Where do we take relatives who come to visit Toronto? Well, Niagara Falls of course! And that’s exactly what we did for cousin Mel – again! If you live in this part of the world, we often take Niagara Falls for granted. But millions of tourists visit every year and with good reason! The falls are pretty incredible and lots of other activities to do as well. So, although cousin Mel has seen Niagara Falls, it is quite different in the winter. It’s truly a winter wonderland with the railings all covered in ice. But, at the time we went, most of the ice had already melted. There was a little portion closer to the water where you could see ice formation. Cousin Mel was fascinated with this – something new for someone who lives in a tropical country.
The largest of the falls is Horsehoe Falls which is the first photo below – it is 2,600 feet (790 m) wide with a 173 feet (53 m) drop. When you come to see the falls, be prepared to get wet. The closer you get to the falls, the spray from the falls reaches the boardwalk. It’s a nice way to cool off from the heat of summer. If you want to get even closer to the falls, you could go down to the observation rooms below or take the Maid of the Mist boat.
Here’s cousin Mel with a view of Horsehoe Falls in the background. It was still fairly dry on this part. Can you see the ice formation at the bottom of the falls on the lower left?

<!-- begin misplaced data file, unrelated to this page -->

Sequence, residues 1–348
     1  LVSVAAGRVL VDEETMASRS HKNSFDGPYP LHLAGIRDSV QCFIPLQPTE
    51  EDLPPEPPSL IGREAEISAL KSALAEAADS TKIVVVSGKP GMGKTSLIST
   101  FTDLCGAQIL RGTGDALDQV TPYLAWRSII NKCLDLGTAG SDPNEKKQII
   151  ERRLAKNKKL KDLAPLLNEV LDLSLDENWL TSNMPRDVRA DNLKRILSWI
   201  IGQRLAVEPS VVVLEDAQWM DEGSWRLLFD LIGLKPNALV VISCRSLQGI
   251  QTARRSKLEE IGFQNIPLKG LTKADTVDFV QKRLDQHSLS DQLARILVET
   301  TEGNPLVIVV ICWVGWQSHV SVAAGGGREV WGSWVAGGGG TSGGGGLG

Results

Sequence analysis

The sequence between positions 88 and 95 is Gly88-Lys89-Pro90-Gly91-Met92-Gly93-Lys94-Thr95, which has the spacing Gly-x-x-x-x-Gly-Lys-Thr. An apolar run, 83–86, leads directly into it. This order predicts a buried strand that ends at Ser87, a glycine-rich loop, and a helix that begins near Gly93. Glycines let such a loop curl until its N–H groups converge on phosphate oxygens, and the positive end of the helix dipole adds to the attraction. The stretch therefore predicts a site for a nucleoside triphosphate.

Here’s the ice formation I was referring to earlier. Now imagine the railings (from the photo above) covered in ice. I’ve only been to Niagara Falls once in the winter, again touring a visiting relative who wanted to experience winter in Canada. When you’re this close to the falls, expect to get wet.
This is American Falls – it is 1,060 feet (320 m) wide with a drop that varies from 70-100 feet (21-30 m) depending on the boulders located at the base. That city in the background is Niagara Falls, New York.
You should definitely try to see the falls at night. It’s nicely lit up in the evening until midnight. Photo below courtesy of Wikimedia Commons.
Skylon Tower in the background on the photo below. You can go up and have a bite to eat up there. You can park at the base of Skylon Tower and walk down towards the falls. We found their parking rates a bit more reasonable. It is not a far walk.
It was grey and overcast on the day we were at Niagara Falls. But we walked along the boardwalk all the way to Clifton Hill for something a little different. There are rides, a wax museum, haunted house, Ripley’s Believe It or Not museum and lots of other interesting places to explore.
This guy looks a little scary…
I couldn’t get the whole Ripley’s museum in my own photo (or I would have had to go on the street and risk my life!) so here’s one from the clifftonhill.com site.
A ride on the Skywheel or bowling or food? Take your pick!
This concludes our weekend getaway to the Niagara Region. There’s lots to see and do in the area – from visiting wineries, catching a show at the Shaw Festival and taking in a little bit of history in the loveliest town in Canada, Niagara-on-the-Lake, to sightseeing at Niagara Falls, maybe try your luck at the casinos, catch a show and have a little fun at Clifton Hills.
The next long weekend getaway takes us to Montreal and Ottawa – stay tuned.